Umno appears to be collapsing.
In the first election for the then Federal Legislative Council in 1955, Umno won 34 of 55 seats. In 2004, it held 109 of the 219 seats. In the May 9 general election, it won 54 of 222 parliamentary seats, making it the largest party in Parliament.
Today, due to its MPs leaving in droves, it has just 37 representatives. The talk is that more are on the way out, and that most of them plan to join PPBM.
Umno members, especially the division leaders, have only themselves to blame. They displayed the very attitude that their former president Dr Mahathir Mohamad eschews in the Malays: wanting everything easy without working hard.
Because Umno wielded absolute power, divisional party leaders became used to having things their way – including easily getting contracts or other favours from the government and substantial funding from Umno headquarters. They became entangled in what Dr Mahathir calls a “cash is king” culture.
In the process, they became divorced from reality and lost, or conveniently set aside, the moral compass.
But the seeds of the greed for power and money, many that I have spoken to say, were planted by Dr Mahathir himself in his first stint as prime minister when he attempted to make the Malays rich. That’s another story, of course.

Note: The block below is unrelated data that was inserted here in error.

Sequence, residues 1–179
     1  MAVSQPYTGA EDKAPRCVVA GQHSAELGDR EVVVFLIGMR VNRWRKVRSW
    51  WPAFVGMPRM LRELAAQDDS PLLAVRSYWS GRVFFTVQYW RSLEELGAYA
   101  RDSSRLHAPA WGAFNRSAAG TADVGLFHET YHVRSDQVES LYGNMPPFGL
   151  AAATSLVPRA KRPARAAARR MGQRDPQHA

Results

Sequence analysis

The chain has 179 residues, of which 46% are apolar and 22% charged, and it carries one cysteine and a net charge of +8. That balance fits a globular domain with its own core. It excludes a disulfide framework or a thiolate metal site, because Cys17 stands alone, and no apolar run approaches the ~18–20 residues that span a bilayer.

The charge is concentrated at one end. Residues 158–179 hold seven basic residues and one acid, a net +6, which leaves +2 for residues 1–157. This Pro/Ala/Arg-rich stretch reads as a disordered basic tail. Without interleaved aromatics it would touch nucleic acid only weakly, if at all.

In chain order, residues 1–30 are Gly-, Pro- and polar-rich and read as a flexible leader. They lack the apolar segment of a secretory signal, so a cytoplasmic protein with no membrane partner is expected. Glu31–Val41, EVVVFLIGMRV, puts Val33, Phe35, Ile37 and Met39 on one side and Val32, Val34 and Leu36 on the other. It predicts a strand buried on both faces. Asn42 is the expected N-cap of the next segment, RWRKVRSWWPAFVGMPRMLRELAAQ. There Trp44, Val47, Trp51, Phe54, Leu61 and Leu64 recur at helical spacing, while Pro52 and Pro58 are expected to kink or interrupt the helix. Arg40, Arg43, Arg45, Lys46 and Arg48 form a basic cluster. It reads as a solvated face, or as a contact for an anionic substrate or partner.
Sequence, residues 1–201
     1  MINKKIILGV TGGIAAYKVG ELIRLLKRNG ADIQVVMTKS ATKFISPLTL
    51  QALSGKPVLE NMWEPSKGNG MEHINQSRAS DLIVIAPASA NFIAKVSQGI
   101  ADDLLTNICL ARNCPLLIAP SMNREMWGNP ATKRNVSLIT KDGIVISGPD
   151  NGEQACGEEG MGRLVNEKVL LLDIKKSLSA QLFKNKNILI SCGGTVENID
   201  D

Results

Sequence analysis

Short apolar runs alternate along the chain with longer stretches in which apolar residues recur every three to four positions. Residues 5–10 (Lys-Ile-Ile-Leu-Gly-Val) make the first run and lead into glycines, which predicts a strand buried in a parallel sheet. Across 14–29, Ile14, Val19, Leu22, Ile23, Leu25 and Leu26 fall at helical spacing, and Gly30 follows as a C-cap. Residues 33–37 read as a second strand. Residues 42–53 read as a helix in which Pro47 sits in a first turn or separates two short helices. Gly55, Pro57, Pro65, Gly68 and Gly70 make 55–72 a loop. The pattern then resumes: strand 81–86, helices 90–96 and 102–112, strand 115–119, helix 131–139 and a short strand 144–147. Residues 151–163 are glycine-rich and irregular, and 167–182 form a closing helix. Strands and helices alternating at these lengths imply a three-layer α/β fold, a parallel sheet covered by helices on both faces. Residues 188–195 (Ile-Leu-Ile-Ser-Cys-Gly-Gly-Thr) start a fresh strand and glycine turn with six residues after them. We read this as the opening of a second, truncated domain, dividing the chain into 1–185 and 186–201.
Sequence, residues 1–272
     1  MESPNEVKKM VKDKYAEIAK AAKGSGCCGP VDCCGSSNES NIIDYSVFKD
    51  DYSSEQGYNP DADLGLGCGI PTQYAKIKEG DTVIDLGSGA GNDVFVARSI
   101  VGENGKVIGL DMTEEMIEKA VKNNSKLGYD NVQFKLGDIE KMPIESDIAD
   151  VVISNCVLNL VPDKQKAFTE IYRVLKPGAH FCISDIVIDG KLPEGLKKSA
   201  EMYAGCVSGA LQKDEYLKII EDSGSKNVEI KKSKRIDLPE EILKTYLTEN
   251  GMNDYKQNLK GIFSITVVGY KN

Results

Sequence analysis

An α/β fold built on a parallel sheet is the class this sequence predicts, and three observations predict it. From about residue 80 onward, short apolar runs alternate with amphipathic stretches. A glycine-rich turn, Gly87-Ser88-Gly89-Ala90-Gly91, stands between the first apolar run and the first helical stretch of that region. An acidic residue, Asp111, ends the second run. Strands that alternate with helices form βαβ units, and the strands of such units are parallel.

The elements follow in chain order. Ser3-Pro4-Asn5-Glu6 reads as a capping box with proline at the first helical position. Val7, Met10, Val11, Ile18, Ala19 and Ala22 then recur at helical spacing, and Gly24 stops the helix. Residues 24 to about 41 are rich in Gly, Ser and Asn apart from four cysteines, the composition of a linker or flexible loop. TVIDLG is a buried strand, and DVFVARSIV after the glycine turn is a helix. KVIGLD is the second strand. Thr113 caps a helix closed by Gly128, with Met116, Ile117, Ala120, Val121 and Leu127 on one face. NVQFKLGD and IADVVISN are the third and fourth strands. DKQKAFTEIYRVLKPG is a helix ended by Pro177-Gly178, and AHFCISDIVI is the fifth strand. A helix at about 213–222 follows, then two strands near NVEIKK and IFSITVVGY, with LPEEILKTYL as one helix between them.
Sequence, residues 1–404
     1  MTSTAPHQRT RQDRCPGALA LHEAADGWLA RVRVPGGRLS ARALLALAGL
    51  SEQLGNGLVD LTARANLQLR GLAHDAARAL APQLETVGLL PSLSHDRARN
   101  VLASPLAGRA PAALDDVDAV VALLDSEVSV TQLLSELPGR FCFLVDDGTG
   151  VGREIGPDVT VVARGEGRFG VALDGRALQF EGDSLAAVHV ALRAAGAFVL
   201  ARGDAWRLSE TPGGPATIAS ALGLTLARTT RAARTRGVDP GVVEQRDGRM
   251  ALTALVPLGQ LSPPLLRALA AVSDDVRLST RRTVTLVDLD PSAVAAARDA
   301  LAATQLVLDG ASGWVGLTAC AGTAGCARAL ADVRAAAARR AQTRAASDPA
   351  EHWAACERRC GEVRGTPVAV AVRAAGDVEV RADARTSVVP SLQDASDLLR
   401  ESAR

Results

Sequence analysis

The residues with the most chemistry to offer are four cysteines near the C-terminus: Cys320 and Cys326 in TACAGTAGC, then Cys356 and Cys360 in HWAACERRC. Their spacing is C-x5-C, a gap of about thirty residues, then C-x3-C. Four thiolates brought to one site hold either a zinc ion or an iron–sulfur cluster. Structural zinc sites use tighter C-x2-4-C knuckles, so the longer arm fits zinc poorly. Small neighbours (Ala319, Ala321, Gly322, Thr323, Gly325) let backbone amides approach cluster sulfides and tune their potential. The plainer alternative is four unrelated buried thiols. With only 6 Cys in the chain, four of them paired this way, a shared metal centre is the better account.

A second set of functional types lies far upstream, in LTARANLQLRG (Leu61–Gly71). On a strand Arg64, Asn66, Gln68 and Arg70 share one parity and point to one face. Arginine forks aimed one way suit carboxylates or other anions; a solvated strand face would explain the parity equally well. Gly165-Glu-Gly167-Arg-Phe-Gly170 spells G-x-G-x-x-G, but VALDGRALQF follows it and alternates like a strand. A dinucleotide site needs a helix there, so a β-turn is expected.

If Umno delegates to the June annual assembly of the party had read the mood of the nation correctly, they would have voted for either Tengku Razaleigh Hamzah or Khairy Jamaluddin, instead of Ahmad Zahid Hamidi, as party president and forged a new path.
Now, the party is breaking up, as MPs and grassroot leaders abandon it.
But by jumping ship at the slightest indication of trouble, they only reveal themselves for what they are: chameleons interested in self-preservation. Ordinary Malaysians that I have been talking to are convinced the exodus has been fuelled by two considerations: the search for a new gravy train and the hope of escaping possible investigation by the Malaysian Anti-Corruption Agency.
Zahid himself indicated this in his speech at an Umno retreat in Temerloh earlier. He said: “In times of defeat, when the party is down, there are those who do not think about what is good for the party, but how to save themselves from being investigated (and) being prosecuted.”
Poor Zahid. I don’t know how long he will last as the calls for his resignation are increasing day by day. Those who have quit the party, especially from Sabah, blame him for not having a direction for the party following the May 9 debacle.
In fact quite a number of the deserters say they are doing so because of the lack of direction on the part of Zahid. Some Umno leaders, such as former minister Abdul Rahmad Dahlan, have admitted that the party indeed lacks direction.
That is, of course, one reason for the exodus.
I happen to think that another reason Umno’s elected representatives are abandoning ship is because Dr Mahathir the master tactician has set a direction for them, and Umno.